The Remarks were delivered by Alaric Tokpa, Chairman of the National Democratic Coalition Presented at the Town Hall Meeting Held in Minnesota on Saturday, November 13, 2021, by the North America Chapter of the Unity Party in Honor of former Vice President Joseph N. Boakai, Head of the Collaborating Political Parties and Political Leader of the opposition Unity Party
Mr. Vice President, head of the Collaborating Political Parties (CPP) and political leader of the Unity Party, the chairman and officials of the North America Chapter of the Unity Party, Chairman of the Board, president and officials of the Organization of Liberians in Minnesota, dear friends, distinguished ladies, and gentlemen, comrades
I know that we are all here very anxious to listen to Vice President Boakai. But it is equally important for those who seek national leadership to be guided by what they hear from those of us who are the genuine leaders and representatives of the poor and oppressed majority, mainly we the social democrats in the progressive community. Concerning what I have to say today, I decided to document and be guided in what I have to say on this occasion because, in the era of social media, varying interpretations and misinterpretations are the order of the day.
We live at a time when the availability of information is overwhelming. There is too much information on just everything. We live at a time when interest in current affairs has grown very fast. We live at a time of social media when it has become difficult to ignore details and rumors. Unfortunately, the increasing presentation of opposing commentaries and viewpoints has sometimes made matters confusing for ordinary people. Hence, on occasions like these, it is important to make correct analysis in order to complement the tireless efforts of young people in the media who are fighting to make Liberia a better place for all of us. So kindly allow me to make some technical remarks and substantive comments in general.
For those of us who have lost comrades, brothers, and sisters in the struggle for democracy in Liberia, the election is not a play-play thing. Incidentally, election 2023 will not be a palmbutter or torborgee party. To be frank with you, it will be an act of confrontation in which one party will overthrow or push away the other.
Beware, my friends. This is not the time for elegant speeches in Liberian politics. This is not the time for rhetoric in Liberian politics. This is not the time to cultivate blind support. This is not the time to flatter politicians. This is the time for us to say exactly what’s on our minds and find ways to work together for the good of Liberia.
Let me, therefore, begin in a blunt way. During election 2023, the worthless CDC government of George Weah will fight hard to remain in power. Why? This is because, as in the
words of Charles Taylor, the terrible tyrant, “no business is more lucrative than becoming president of Liberia.” Yet, 2023 will come and go and Liberia will still be here. So let those of us in the leadership of the opposition negotiate and hold together in such a way that will promote the interest of Liberia, our beloved homeland. On that note, except if the interest of the very country that we love so much requires us to do so, this is certainly not the time to kiss each other goodbye.
So I want you to bear in mind that within the very reason why the CDC government of Mr. Weah will fight hard to stay in power during election 2023 is the correct analysis of the misunderstanding in the opposition, not only within the CPP. As we the social democrats in the progressive community in Liberia see it, it is the crisis of the incurably corrupt state that is manifesting itself as a misunderstanding in the opposition. Why is this so? It is that way because control of state power has become a major source of accumulating wealth so much so that the competition for state power has become a life and death struggle. That is to say, control of government administration is big business. Not having the know-how on capital formation and knowledge of how to undertake private business initiatives, the assumption of government position is a serious investment for most of the incompetent and unrepentantly corrupt politicians in Liberia who have no other way to make money and live dignified lives.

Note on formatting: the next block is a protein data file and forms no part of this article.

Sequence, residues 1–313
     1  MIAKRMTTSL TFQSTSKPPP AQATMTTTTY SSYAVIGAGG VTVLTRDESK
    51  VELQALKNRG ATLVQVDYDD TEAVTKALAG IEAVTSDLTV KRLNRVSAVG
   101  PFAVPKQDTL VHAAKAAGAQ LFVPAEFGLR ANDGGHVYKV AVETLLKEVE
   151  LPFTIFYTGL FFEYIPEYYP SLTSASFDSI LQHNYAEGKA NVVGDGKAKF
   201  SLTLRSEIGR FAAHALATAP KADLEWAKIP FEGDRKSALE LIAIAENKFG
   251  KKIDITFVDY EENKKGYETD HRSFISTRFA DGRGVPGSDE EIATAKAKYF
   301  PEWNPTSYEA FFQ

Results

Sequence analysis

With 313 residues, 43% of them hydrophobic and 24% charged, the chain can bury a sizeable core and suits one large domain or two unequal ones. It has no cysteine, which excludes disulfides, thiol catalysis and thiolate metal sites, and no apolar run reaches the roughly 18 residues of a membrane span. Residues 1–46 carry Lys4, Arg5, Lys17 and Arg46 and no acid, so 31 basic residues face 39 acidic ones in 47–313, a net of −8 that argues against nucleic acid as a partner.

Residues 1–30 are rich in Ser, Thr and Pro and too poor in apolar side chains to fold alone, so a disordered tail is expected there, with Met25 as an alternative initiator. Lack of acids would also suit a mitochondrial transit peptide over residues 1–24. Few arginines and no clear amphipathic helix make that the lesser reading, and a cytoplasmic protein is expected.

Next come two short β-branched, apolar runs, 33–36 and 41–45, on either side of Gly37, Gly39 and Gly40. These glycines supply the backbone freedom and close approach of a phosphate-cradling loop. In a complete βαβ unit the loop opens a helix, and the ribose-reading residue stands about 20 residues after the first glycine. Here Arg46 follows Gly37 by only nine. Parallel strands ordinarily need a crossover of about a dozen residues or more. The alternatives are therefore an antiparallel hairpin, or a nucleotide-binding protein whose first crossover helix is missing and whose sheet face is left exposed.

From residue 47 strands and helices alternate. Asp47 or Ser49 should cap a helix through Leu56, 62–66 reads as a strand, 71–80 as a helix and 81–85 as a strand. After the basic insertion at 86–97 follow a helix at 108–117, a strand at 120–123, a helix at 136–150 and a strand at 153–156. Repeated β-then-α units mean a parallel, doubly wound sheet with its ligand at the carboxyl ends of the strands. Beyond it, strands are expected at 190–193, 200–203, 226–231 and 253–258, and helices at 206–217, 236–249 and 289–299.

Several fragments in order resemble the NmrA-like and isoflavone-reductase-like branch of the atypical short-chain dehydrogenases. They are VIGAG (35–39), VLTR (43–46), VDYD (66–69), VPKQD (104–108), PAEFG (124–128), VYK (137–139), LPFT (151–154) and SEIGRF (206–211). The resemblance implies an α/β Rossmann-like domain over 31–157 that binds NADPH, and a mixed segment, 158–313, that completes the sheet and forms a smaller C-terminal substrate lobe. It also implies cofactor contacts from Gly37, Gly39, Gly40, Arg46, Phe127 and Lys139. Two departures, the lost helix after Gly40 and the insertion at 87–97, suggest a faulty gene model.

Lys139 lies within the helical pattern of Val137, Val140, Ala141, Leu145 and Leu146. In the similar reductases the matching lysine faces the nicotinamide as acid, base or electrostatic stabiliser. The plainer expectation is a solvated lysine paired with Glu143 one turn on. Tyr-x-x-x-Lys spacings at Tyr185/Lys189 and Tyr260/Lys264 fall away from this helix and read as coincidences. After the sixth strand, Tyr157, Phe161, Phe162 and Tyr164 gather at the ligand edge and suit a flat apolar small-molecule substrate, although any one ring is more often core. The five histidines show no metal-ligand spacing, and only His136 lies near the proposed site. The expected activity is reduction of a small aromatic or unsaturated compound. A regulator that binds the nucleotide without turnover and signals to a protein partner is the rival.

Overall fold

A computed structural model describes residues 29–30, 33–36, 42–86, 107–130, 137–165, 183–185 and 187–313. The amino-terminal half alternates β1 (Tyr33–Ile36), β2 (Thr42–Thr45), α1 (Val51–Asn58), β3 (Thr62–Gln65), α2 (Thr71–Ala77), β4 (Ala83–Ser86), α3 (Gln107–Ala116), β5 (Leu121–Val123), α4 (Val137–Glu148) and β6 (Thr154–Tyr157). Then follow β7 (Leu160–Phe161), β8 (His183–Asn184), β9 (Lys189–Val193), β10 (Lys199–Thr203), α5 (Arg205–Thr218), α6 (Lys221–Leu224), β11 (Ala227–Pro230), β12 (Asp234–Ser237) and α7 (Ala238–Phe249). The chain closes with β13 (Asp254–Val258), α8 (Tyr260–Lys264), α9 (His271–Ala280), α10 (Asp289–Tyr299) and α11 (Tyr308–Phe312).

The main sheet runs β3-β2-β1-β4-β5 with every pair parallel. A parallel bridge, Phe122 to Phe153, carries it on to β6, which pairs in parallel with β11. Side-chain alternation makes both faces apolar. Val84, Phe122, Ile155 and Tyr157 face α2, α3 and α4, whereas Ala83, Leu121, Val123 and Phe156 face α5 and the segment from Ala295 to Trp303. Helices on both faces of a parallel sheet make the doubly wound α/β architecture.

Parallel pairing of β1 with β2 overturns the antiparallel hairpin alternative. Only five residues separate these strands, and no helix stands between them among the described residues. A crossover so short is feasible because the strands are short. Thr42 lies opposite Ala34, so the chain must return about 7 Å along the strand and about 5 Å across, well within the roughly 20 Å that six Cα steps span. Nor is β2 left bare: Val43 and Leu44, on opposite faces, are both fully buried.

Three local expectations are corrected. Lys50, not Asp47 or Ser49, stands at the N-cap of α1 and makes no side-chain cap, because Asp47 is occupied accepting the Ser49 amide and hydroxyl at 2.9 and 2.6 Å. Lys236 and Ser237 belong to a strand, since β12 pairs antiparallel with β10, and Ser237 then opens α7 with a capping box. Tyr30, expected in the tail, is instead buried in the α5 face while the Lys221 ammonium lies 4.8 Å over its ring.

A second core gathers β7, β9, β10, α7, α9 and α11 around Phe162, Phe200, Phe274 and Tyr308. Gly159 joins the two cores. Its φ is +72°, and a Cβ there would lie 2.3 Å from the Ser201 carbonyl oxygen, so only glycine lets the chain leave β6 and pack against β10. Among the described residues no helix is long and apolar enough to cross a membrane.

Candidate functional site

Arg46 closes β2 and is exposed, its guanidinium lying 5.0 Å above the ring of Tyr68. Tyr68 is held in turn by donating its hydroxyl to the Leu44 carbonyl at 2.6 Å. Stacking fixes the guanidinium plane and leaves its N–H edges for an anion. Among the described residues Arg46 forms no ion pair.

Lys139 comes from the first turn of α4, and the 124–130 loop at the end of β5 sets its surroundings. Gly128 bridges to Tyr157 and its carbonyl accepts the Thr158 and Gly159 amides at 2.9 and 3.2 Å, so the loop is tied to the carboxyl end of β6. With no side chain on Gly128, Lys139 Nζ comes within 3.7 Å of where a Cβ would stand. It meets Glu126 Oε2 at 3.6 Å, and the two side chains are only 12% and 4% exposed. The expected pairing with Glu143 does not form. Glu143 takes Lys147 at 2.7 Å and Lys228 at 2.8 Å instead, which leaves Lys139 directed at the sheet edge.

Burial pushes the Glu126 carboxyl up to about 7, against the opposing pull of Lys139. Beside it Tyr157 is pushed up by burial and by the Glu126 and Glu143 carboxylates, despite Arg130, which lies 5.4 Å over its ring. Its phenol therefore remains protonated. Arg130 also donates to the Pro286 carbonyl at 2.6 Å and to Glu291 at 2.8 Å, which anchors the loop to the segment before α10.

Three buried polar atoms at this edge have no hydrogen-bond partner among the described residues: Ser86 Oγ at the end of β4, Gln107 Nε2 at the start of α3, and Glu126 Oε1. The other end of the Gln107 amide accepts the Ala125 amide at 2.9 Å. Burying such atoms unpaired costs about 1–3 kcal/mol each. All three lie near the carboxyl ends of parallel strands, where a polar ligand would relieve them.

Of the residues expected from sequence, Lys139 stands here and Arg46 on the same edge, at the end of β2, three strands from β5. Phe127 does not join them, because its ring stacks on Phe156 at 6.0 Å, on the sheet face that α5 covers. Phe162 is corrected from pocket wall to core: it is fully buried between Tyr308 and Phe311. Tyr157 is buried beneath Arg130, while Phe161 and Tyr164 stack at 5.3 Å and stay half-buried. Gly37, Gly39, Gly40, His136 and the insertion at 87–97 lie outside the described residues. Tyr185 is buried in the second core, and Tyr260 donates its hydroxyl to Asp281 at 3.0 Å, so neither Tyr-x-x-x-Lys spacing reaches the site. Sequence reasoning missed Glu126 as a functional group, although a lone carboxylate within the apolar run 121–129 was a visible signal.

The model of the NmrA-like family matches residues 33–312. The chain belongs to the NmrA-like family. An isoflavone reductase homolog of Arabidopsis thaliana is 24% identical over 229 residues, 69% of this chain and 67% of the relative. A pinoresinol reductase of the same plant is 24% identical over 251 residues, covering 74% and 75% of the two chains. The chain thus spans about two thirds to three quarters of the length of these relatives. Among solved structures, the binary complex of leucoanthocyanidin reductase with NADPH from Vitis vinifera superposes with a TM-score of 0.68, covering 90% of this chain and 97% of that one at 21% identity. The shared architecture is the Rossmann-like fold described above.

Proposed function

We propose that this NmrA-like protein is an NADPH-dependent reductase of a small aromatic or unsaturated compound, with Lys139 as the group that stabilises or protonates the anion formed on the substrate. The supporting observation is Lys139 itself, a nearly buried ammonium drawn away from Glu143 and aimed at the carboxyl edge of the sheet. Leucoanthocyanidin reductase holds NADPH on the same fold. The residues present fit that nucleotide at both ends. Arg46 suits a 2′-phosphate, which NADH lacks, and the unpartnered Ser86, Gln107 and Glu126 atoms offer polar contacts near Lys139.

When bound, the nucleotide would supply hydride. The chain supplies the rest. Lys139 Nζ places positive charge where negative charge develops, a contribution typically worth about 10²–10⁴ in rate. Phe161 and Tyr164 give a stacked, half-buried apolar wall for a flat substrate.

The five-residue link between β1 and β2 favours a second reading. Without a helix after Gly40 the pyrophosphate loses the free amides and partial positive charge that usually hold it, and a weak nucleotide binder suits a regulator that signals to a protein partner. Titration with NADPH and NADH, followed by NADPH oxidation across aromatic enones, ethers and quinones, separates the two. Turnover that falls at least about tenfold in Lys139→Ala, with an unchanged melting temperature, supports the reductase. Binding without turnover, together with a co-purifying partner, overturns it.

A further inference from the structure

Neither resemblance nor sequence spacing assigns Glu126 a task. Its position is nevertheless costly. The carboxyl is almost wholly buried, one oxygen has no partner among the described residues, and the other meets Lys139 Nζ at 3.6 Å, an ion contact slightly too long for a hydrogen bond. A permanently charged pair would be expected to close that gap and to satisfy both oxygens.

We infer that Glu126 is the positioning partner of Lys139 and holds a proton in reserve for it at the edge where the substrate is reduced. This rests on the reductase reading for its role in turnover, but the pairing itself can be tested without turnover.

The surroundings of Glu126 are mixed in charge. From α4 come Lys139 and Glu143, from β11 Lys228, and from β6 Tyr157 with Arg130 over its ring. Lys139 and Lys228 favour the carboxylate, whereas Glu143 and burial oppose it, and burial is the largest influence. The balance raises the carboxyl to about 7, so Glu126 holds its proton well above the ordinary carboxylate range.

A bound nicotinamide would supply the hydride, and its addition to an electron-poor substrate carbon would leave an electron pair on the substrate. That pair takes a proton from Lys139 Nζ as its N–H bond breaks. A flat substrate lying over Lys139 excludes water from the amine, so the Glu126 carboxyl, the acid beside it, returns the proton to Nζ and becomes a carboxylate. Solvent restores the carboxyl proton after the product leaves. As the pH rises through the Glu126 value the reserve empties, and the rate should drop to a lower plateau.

That is why the CDC government of Mr. Weah and his surrogates and sycophants who have used his popularity for the wrong reasons will go on to present the party, state, and government as one fearful force that will continue to intimidate the voting population and attack opposition leaders by placing obstacles in their ways through all kinds of tricky illegal, illegitimate, and dishonest means. Of course, this will be wrong and problematic. But that is the way in which dictatorships function. And that is the way the Weah dictatorship will function towards the 2023 general and presidential elections.
Dear friends, distinguished ladies, and gentlemen, Liberia is bleeding and bleeding very fast. Liberia is terrified by an unimaginably evil government. Liberia is dying. With rapid frequency, Liberia is drawing nearer to her grave. In order for us to save our country, we must get focused and have the courage to tell each other and ourselves the hard truth, as we find useful ways to work together. In whatever we do, whether we agree or disagree, whether we say yes or say no, whether we become stubborn or compromise, we must insist on the best interest of the homeland, the sweet land of Liberty, and find unselfish ways of working together to save Liberia.
Come election 2023, my friends, we must come together and bring impunity into account by harshly punishing corruption and the killing of innocent human beings. We must come together and harshly punish rape. The fight against sexual and gender-based violence must feature high on the agenda. Let us stand together and demand justice and peace. In the spirit of our constitution, let us stand together and demand freedom of association, freedom of movement, and the honest counting of ballots. Let us come together and save our democracy and Liberia. Now is the time! So let us relate and talk to each other with respect. Let us try to understand and tolerate one another. In the best interest of our country, let us come together and cooperate where we can.